And yes, then came the Typhus, which soon became an epidemic in that tightly packed mass of people. The Typhus took thousands; Doctor Krediet, Stuuf Wiardi Beckman, General van de Kasteele, I can go on. I also became infected. When I got well I remained as a nurse in the Revier.

 

In the last months the SS found a need for confidantes - one person they could talk to representing one nationality. For the Dutch this became Doctor Drost, who was able to do a lot for the Dutchmen. On March 1, 1945, I took over that task.

 

Let me tell you, in April it became tense. We knew the Americans were close, that it would be only a matter of days. But we also knew that Himmler had commanded that no prisoners be allowed to fall into the enemy's hands alive. A few of the prisoners were able to escape. They found the Americans and told them to hurry because otherwise they would not find a soul alive. It helped. On April 29 they stood in front of the gate, the boys of the Rainbow division.

 

By the Jourhaus it was rife with people. Whomever could walk came to the roll call or climbed on top of the roofs of the barracks. Nobody wanted to miss of moment of this happening.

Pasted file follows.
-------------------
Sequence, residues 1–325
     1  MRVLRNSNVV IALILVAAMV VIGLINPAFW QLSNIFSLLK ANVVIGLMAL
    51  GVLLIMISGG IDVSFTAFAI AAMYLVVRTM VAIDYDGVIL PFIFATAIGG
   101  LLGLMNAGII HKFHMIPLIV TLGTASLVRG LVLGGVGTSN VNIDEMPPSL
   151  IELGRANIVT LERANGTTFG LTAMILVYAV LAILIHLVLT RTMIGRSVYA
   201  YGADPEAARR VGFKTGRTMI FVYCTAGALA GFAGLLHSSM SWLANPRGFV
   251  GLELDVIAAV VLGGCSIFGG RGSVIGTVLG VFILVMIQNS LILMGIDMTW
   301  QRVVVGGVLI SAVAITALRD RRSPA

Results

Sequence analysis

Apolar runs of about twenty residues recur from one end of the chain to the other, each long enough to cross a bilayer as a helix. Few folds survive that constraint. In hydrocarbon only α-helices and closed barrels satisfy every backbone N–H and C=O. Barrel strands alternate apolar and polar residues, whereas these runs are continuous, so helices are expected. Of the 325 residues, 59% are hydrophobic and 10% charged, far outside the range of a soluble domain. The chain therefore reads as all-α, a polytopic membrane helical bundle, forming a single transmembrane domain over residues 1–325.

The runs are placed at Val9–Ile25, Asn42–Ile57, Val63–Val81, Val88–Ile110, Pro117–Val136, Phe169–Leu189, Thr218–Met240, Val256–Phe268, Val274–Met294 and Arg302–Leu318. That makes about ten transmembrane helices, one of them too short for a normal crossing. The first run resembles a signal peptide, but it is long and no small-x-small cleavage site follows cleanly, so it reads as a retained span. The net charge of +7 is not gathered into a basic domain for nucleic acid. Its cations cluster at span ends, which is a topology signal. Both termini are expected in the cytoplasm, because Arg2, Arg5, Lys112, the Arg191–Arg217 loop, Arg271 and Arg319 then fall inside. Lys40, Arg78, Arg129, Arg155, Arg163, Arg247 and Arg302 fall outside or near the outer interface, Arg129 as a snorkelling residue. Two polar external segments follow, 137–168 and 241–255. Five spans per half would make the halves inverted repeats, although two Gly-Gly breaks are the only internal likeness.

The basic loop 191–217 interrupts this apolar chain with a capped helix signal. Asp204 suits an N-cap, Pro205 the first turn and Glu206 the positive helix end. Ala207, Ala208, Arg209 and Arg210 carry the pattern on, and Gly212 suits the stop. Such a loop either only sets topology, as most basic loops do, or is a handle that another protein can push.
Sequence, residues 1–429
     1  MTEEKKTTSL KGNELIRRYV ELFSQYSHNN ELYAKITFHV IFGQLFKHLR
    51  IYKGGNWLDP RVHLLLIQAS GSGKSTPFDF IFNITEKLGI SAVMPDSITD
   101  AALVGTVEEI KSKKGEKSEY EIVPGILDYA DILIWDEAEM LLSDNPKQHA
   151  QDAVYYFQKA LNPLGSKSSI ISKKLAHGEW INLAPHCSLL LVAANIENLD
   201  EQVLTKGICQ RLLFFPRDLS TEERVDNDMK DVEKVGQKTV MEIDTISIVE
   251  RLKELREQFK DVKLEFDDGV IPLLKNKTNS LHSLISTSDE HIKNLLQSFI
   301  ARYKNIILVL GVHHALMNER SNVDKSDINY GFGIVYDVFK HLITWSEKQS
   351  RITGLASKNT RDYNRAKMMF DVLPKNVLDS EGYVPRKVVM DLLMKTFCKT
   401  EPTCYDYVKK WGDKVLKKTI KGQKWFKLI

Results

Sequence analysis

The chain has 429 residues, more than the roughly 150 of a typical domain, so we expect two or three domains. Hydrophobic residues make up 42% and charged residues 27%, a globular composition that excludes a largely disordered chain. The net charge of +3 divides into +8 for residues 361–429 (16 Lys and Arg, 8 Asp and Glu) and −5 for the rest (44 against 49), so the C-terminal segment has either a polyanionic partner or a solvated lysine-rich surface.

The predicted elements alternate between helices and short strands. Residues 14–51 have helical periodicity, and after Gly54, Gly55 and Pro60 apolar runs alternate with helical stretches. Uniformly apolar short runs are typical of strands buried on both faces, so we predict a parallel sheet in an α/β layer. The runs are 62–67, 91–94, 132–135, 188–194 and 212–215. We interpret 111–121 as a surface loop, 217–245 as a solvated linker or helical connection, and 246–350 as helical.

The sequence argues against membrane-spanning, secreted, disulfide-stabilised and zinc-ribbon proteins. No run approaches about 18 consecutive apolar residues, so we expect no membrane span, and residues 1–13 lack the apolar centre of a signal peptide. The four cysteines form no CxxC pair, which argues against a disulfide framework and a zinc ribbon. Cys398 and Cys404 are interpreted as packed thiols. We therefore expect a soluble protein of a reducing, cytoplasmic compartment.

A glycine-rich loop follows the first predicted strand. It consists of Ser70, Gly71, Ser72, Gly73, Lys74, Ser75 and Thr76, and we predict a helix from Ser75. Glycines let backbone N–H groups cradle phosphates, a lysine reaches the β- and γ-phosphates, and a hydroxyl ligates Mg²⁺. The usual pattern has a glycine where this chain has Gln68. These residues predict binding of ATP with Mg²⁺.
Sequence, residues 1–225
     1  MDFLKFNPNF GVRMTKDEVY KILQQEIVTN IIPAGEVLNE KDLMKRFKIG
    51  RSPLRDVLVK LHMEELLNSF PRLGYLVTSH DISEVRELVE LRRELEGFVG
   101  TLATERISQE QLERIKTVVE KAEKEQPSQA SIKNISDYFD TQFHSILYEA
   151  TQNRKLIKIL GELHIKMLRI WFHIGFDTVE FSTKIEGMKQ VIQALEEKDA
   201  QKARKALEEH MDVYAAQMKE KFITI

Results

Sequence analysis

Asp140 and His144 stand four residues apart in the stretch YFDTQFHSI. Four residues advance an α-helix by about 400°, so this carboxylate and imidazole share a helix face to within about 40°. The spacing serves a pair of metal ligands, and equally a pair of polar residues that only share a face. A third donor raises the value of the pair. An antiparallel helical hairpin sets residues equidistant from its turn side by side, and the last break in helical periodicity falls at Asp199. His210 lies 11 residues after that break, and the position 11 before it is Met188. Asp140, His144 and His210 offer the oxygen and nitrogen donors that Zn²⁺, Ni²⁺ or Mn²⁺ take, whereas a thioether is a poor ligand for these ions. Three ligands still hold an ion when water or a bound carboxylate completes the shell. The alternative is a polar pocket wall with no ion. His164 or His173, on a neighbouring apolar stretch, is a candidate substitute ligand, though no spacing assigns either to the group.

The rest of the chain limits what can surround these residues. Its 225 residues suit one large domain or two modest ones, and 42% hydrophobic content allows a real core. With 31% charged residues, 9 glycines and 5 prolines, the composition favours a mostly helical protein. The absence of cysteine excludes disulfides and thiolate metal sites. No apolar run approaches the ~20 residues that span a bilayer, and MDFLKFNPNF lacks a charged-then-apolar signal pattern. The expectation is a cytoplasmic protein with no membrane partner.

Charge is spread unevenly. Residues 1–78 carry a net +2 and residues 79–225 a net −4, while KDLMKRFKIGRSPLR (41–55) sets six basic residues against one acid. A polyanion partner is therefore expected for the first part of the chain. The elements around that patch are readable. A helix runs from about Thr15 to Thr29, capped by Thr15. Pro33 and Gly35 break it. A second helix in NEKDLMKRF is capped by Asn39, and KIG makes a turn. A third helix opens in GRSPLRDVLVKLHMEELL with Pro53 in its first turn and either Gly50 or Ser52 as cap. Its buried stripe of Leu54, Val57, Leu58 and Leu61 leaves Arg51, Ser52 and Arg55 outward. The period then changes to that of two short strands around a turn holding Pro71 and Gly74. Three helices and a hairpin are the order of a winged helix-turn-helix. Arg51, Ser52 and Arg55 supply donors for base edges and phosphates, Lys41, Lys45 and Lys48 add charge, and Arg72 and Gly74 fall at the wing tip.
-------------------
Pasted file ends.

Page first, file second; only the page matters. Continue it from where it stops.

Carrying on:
The SS was long gone. They had grabbed a few boys from the Hitlerjugend. They were nervous when the American came and started to shoot. But that was not possible, of course, because they had already hoisted the white flag. So the Americans shot them all dead. It was a horrible sight. I will never forget it.

 

During the shooting I suddenly felt like I had been hit in the head and blood was running down my face. It was from a ricochet bullet, I was helped immediately and received a turban emergency bandage, but they had to hurry, because I did not want to miss a minute of the show...